Synergistic roles for lipids and proteins in the permanent adhesive of barnacle larvae.

Published

Journal Article

Thoracian barnacles rely heavily upon their ability to adhere to surfaces and are environmentally and economically important as biofouling pests. Their adhesives have unique attributes that define them as targets for bio-inspired adhesive development. With the aid of multi-photon and broadband coherent anti-Stokes Raman scattering microscopies, we report that the larval adhesive of barnacle cyprids is a bi-phasic system containing lipids and phosphoproteins, working synergistically to maximize adhesion to diverse surfaces under hostile conditions. Lipids, secreted first, possibly displace water from the surface interface creating a conducive environment for introduction of phosphoproteins while simultaneously modulating the spreading of the protein phase and protecting the nascent adhesive plaque from bacterial biodegradation. The two distinct phases are contained within two different granules in the cyprid cement glands, implying far greater complexity than previously recognized. Knowledge of the lipidic contribution will hopefully inspire development of novel synthetic bioadhesives and environmentally benign antifouling coatings.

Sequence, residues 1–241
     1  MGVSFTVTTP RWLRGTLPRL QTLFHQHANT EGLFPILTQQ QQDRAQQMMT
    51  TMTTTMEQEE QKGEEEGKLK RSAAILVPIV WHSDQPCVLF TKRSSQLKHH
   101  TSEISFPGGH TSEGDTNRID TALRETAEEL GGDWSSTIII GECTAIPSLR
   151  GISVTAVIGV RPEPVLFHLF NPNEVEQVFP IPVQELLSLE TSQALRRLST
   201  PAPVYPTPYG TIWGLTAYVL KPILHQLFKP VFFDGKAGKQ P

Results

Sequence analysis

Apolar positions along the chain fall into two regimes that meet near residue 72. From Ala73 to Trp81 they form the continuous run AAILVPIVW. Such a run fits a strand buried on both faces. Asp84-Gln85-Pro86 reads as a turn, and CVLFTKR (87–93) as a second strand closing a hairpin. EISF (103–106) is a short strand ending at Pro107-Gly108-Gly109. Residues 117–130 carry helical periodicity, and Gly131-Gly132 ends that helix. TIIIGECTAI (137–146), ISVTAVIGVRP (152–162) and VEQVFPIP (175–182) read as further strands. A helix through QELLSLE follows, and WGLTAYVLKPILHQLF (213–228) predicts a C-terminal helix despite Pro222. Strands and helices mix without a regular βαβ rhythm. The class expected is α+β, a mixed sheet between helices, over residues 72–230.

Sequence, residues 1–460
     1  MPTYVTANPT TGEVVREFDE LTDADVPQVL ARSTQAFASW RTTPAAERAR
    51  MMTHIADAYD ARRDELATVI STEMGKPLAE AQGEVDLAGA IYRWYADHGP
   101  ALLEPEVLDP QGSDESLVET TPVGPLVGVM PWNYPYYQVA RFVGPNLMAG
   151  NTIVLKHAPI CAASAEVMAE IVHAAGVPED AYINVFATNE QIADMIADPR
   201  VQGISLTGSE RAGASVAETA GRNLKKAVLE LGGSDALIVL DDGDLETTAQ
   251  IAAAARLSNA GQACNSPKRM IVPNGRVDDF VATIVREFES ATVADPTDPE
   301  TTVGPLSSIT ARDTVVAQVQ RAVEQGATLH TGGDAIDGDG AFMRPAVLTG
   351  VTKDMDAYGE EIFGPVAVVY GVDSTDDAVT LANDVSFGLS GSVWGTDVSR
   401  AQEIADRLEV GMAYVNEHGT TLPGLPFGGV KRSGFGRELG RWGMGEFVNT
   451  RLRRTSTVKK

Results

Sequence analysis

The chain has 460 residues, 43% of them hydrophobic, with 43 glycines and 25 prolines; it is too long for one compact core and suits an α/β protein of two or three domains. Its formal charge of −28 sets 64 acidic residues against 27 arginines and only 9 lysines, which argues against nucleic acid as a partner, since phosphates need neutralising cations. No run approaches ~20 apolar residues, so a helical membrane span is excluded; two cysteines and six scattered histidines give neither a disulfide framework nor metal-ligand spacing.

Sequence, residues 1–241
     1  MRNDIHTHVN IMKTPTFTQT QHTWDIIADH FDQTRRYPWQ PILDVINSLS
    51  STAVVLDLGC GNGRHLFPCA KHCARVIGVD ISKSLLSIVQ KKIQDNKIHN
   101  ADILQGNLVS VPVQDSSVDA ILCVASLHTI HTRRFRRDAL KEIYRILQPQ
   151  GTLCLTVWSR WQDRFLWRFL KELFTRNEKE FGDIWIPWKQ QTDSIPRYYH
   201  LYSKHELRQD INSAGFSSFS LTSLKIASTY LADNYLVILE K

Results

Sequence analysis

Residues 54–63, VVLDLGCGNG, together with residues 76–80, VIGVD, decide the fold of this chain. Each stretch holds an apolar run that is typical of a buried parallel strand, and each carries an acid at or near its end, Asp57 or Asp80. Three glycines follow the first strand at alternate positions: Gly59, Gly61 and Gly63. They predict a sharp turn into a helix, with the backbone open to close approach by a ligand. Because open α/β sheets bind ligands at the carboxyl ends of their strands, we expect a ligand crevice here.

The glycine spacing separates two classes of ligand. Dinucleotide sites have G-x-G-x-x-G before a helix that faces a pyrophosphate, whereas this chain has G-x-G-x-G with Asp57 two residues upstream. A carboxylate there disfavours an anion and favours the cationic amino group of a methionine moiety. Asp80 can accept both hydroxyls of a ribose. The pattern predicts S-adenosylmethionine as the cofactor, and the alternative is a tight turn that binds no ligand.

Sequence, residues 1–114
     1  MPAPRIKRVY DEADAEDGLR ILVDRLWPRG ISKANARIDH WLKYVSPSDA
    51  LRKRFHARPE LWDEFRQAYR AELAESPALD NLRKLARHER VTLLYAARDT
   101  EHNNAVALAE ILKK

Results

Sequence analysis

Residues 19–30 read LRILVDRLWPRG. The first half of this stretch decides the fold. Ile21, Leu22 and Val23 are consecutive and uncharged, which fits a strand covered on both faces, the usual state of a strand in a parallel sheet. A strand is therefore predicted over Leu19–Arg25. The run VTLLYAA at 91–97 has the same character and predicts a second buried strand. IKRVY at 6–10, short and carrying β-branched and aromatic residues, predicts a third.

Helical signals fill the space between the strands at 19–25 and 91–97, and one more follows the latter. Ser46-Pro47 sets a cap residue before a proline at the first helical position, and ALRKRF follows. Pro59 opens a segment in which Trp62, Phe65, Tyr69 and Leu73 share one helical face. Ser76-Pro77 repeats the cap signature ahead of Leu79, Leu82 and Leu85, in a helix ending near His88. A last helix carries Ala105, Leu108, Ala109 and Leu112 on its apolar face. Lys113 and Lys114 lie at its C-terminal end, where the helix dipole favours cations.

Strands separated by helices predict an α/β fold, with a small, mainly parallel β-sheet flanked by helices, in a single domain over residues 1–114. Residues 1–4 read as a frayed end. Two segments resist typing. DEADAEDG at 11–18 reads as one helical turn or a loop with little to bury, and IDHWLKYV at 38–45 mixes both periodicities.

Full Text

Duke Authors

Cited Authors

  • Gohad, NV; Aldred, N; Hartshorn, CM; Jong Lee, Y; Cicerone, MT; Orihuela, B; Clare, AS; Rittschof, D; Mount, AS

Published Date

  • January 2014

Published In

Volume / Issue

  • 5 /

Start / End Page

  • 4414 -

PubMed ID

  • 25014570

Pubmed Central ID

  • 25014570

Electronic International Standard Serial Number (EISSN)

  • 2041-1723

International Standard Serial Number (ISSN)

  • 2041-1723

Digital Object Identifier (DOI)

  • 10.1038/ncomms5414

Language

  • eng